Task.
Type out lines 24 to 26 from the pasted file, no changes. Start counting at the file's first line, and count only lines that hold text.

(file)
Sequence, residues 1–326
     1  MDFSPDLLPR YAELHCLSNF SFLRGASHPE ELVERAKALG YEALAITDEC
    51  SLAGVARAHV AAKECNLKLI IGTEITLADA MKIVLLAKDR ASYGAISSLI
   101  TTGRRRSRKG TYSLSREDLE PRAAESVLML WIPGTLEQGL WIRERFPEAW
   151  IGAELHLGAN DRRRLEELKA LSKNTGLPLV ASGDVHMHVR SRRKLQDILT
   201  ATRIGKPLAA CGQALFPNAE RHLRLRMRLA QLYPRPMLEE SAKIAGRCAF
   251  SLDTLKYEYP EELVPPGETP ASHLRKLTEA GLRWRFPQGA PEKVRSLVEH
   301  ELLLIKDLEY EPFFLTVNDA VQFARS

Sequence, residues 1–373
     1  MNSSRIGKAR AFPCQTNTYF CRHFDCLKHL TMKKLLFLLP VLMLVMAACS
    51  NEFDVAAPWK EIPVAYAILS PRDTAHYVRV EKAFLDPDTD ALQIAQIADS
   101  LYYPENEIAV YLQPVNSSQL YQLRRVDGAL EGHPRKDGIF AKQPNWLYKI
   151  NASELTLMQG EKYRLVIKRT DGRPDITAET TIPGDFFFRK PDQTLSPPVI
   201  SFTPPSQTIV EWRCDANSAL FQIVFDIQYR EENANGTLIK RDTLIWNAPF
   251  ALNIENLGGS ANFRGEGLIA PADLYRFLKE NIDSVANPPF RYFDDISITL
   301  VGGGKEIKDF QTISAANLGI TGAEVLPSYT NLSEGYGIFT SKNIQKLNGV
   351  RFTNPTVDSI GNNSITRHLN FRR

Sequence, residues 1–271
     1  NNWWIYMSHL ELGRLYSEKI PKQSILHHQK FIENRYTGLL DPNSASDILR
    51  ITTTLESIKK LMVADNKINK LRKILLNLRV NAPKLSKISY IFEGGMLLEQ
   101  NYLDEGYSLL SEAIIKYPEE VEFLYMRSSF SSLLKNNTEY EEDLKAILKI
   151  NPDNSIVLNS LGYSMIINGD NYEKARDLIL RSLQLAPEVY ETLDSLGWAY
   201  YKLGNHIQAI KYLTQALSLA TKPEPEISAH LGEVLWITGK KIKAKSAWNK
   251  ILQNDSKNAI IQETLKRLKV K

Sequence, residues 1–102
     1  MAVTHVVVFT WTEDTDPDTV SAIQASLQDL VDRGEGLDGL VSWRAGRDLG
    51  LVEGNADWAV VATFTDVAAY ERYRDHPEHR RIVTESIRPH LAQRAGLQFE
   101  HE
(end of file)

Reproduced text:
   251  ILQNDSKNAI IQETLKRLKV K

Sequence, residues 1–102
     1  MAVTHVVVFT WTEDTDPDTV SAIQASLQDL VDRGEGLDGL VSWRAGRDLG